Workbooks and Worksheets help you organize, analyze, and store data.
With Spreadsheet.com, you get all the benefits of traditional worksheets, plus many of our unique features, like data types, views, and related rows to connect workbooks.
Use Spreadsheet.com's workbook templates to get up and running quickly, import from other spreadsheet software, or start your own workbook from scratch. You can create workbooks for important projects like bug tracking your software, planning the marketing for your next product launch, or tracking customer engagement with your mobile app. All you need to do is create a new workbook and get started.
What are Workbooks and Worksheets?
From your home page, you can see all of the workspaces and folders that you are a part of, each with their own set of workbooks. If a folder is empty, you can get started by creating a new workbook.
Like other spreadsheet systems, spreadsheets in Spreadsheet.com are called workbooks. Workbooks live inside folders in your or your team's workspace. Each workbook can have any number of worksheets within it, and each worksheet can have multiple views.
Workbooks and worksheets in Spreadsheet.com are more than grids of cells containing numbers, text, and formulas. They have everything you need to create and manage projects, databases, workflows, processes, and other business applications.
We'll explore creating workbooks below.
Just like traditional spreadsheets, worksheets in Spreadsheet.com are made up of columns and rows. They are the individual sheets inside your workbook and can be customized with multiple views. You can have as many worksheets in a workbook as you need. However, Spreadsheet.com has many unique worksheet features, as detailed in the Worksheet Features section below.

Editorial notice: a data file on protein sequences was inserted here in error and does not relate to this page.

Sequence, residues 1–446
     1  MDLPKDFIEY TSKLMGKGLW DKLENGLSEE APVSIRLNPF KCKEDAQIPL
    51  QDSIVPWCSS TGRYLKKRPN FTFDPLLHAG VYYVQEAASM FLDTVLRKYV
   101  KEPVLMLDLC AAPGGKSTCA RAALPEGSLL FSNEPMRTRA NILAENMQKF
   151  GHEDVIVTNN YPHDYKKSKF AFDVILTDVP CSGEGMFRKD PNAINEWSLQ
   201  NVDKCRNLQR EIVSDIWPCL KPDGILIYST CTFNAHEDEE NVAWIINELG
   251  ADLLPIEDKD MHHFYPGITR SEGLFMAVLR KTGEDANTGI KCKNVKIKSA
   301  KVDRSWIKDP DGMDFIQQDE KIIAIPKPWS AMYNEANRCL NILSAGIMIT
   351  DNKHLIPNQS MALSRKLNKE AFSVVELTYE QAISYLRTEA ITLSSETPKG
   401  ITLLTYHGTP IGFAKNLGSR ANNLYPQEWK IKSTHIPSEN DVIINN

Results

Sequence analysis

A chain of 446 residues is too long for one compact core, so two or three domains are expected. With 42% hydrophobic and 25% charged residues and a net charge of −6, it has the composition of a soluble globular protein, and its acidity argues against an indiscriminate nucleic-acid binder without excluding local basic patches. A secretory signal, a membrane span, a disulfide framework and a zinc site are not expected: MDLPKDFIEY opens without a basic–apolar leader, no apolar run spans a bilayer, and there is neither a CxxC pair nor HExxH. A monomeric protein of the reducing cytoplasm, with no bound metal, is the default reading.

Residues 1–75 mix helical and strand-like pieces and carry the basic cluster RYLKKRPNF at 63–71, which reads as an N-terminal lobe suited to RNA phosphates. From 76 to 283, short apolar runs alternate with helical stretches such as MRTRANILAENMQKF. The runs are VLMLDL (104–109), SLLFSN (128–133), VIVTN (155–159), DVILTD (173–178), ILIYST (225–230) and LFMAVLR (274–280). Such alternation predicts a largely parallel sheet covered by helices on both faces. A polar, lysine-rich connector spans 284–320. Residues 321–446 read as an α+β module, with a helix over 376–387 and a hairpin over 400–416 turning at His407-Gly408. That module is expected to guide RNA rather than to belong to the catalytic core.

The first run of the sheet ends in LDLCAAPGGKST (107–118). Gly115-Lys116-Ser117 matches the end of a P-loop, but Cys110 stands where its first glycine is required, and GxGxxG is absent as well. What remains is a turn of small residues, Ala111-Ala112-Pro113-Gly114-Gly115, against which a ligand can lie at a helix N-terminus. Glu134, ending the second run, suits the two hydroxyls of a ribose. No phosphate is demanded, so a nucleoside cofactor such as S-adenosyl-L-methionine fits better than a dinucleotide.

Creating a Workbook
To create any new workbook, click one of the New buttons on your homepage…
…and then select the type of new workbook from the dialog:
- Template Gallery: Select a pre-built, customizable template from Spreadsheet.com’s Template Gallery
- Blank Workbook: Create a new Spreadsheet.com workbook from scratch
- Import: Upload an existing spreadsheet file via your computer’s file browser; imports of Excel files (.XLS and .XLSX), Excel templates (.XLT and .XLTX), and other spreadsheet files (.CSV and .TSV) are supported
When you select any method, Spreadsheet.com will prompt you to give your new workbook a name and location.
Start from a template
If you are new to Spreadsheet.com, we recommend that you start with a template. Our customizable templates cover many common uses, including project plans, RACI matrices, applicant tracking, and more. Plus, starting out with a template can show what Spreadsheet.com can do. Check out our gallery of templates or our article on how to start from a template for more information.
Start from a blank workbook
If you want to start from scratch, you can always start from a blank workbook. When clicking + New workbook to start your new workbook, simply select Blank. For more information, visit our article on Creating a Workbook from scratch.
Import a CSV or Excel File